Another week or so has gone by, and within that week, I have continued experiencing several noticeable, sometimes frightening, ups and downs. For those who follow my blog, I feel like I have to issue some sort of an apology or disclaimer regarding the subject matter. When I blog, I don’t mean to make my depression the focal point, nor do I intentionally want to write only about myself and my problems and my endeavors. I know that it’s not always about “me me me.”
As one of my favorite artists, the late Frida Kahlo once said, “I paint myself because I am so often alone and because I am the subject I know best.” Just as Frida painted herself to express her pain and her life’s experiences, I write to do the same, not only because I often feel alone, but also in hopes of finding some sort of solace in it all. I have to wonder if Frida had any premonition that, despite her great suffering, by creating her profound personal masterpieces, she was not only helping herself deal with her anguish, but helping others, myself included. Viewing her portraits, I can identify in my own way with what she expresses in each unique painting, each with its own message, and each with its own distinct, sometimes esoteric story. It helps me to feel less alone.
Experiencing (and subsequently suffering from) a mood disorder is draining to say the least. It taints otherwise pleasant moments with its ugliness, looms over you, weighing you down even in the physical sense, and it turns everything about ten shades of gray. Let’s just say that it flat-out sucks. After reading several of Frida’s biographies as well as the translated version of her diary, I know that this was something she also knew all too well.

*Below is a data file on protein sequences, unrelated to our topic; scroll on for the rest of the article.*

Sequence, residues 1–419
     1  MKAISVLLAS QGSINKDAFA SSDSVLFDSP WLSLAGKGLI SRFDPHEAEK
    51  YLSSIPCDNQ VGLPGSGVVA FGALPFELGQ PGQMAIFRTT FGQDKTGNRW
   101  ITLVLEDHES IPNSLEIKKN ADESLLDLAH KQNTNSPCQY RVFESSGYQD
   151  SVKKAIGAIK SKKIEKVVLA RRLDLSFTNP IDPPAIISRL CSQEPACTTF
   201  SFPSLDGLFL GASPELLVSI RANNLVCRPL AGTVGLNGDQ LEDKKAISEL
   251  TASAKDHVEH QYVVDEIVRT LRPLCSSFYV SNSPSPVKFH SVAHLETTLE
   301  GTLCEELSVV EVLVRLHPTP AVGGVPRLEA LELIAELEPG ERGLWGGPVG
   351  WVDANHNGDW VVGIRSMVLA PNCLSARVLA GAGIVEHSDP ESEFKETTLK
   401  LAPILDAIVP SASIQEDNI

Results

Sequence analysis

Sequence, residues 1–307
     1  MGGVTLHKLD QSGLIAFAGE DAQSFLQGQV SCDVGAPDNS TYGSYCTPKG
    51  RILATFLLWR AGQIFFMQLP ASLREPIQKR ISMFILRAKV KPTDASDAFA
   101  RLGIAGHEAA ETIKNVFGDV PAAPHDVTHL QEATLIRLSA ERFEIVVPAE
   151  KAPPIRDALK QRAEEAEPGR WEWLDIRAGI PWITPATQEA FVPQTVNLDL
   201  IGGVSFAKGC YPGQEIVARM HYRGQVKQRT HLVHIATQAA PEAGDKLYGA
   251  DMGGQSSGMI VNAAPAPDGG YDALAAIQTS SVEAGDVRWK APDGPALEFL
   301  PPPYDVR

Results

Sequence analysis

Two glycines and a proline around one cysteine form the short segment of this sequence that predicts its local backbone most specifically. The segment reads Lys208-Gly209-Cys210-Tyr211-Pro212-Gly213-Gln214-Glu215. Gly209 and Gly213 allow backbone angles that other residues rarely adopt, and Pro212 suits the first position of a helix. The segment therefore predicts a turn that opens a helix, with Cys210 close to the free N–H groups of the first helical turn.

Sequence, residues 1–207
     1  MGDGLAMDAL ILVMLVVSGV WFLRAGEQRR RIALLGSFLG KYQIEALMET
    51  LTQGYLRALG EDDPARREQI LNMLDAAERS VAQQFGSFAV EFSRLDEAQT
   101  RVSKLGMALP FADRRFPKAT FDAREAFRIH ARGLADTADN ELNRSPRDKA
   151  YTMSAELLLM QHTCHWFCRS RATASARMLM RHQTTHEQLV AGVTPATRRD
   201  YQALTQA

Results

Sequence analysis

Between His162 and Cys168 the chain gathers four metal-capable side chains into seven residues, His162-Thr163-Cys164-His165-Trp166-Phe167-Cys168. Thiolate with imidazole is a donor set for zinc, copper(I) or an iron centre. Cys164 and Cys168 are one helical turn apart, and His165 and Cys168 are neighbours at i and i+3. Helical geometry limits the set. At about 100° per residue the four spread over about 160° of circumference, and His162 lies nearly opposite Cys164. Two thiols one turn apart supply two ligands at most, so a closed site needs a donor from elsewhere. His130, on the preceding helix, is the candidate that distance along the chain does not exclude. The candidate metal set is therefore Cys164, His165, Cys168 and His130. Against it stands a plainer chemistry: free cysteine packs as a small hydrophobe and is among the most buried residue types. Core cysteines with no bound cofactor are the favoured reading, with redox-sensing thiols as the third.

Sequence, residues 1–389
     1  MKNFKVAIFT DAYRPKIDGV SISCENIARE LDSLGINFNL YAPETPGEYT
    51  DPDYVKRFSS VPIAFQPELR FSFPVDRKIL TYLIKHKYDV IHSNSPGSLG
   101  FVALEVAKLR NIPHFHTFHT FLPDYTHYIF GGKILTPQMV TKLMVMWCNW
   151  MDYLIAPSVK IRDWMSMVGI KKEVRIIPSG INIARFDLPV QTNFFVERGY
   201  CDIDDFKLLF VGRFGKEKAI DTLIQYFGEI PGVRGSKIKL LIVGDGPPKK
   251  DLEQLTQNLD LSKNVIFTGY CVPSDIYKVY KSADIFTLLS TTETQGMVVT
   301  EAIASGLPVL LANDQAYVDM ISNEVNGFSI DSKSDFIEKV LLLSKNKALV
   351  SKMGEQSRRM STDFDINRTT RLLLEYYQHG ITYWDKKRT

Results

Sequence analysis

Frida was, among other things, a beautiful but tortured soul (but then again, who isn’t?). She was a drug user (which couldn’t have helped her chronic physical illnesses), and she reportedly had a volatile temper. Let’s face it- she had undeniably bad taste in romantic partners, too. Though I can’t relate on all of these levels, I still can nonetheless comprehend all too well what it is like to feel deeply flawed and sad. And as is the case with many beautiful but tortured souls, her life ended prematurely, with many of the circumstances surrounding her death indicating suicide.
I don’t want it to be like this, not without a fight. I want to make my own story and history. I’m still going to therapy, taking meds (as much as I wish I didn’t have to), still trying to keep myself occupied, and still trying to make positive changes. Despite all my efforts, some days are not as good as others. But I still continue to fight the good fight each day that I wake up and acknowledge that I am blessed with another day, another chance, another twenty-four hours of possibility. So I continue to put one foot in front of the other, even if that is the only thing that I can do, and march on.
“I used to think I was the strangest person in the world but then I thought, “There are so many people in the world, there must be someone just like me who feels bizarre and flawed in the same ways I do.” I would imagine her, and imagine that she must be out there thinking of me, too. Well, I hope that if you are out there and read this and know that, yes, it’s true I’m here, and I’m just as strange as you.” – Frida Kahlo
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